For a long time now, Ashgate has sent monthly email updates featuring the newest books paired with “also of interest” titles. Though this has always provided recipients with information about the latest and greatest of Ashgate, we felt the routine update could be bigger and better. We especially wanted to provide something of value to those receiving our regular notifications.
Starting in January, we said goodbye to our traditional monthly update and made way for the new and improved exclusive email subscriber offers.What does this mean? It means our updates now include exclusive rewards and offers open only to our email recipients as a thank you for being loyal subscribers.
“What sorts of offers can subscribers expect to receive?” you might ask. The answer: amazing discounts, access to free content, conference sneak peeks, and more. Plus, you still get all the scoop on every new book published in your subject area and never miss a new release!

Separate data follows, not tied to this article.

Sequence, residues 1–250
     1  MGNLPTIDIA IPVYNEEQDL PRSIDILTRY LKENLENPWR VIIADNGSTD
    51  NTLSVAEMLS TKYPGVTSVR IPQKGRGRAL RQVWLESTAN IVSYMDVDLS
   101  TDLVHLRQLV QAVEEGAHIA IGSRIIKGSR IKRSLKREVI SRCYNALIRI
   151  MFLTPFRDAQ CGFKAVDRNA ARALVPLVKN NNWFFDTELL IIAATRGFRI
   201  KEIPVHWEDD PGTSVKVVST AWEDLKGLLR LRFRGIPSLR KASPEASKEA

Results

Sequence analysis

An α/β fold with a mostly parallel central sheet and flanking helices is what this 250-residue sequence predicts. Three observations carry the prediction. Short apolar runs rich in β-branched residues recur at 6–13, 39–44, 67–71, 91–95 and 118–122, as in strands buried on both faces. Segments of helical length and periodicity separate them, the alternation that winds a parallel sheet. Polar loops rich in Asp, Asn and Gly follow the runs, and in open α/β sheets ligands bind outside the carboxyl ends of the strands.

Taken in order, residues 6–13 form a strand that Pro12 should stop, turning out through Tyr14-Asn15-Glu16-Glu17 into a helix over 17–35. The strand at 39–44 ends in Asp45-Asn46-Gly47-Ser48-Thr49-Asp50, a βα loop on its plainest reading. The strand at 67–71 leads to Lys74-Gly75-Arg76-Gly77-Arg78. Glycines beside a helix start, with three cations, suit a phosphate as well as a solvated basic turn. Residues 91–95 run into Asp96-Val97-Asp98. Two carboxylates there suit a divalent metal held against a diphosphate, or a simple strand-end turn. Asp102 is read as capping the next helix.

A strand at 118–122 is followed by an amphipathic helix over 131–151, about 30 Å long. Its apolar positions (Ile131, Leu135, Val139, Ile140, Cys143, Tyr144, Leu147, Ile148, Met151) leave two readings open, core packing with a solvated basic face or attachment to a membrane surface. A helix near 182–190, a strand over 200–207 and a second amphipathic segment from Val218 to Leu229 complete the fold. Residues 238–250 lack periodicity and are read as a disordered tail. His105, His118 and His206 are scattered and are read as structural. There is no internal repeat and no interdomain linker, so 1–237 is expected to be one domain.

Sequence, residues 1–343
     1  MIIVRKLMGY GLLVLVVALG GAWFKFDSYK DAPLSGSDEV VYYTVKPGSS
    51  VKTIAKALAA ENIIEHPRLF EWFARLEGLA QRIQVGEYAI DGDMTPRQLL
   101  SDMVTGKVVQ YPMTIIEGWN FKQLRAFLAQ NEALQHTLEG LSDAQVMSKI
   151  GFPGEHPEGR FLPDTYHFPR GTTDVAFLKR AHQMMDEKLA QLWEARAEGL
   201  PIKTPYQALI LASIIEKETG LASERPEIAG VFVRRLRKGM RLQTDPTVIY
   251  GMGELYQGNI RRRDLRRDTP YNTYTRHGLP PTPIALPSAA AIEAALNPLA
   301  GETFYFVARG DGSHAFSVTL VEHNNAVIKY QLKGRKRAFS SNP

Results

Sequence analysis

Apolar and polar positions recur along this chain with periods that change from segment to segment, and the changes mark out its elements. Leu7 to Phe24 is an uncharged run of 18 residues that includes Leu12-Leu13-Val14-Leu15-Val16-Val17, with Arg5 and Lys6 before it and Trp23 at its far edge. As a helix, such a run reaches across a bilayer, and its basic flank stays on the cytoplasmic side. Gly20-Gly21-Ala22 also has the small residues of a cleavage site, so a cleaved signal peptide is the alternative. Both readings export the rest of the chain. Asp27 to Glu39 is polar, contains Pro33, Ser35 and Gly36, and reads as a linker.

So, if you’re not currently an email subscriber, you should be.
Don’t miss out on another single offer. Sign up now and become an email subscriber—the best way to get more bang for your books!
Visit www.ashgate.com/updates to sign up and we will do the rest.
Posted by Alyssa Berthiaume, Marketing Coordinator, and Whitney Feininger, Assistant Editor
We are happy to announce the return of a special feature on our blog:
“How to Work with a Scholarly Press”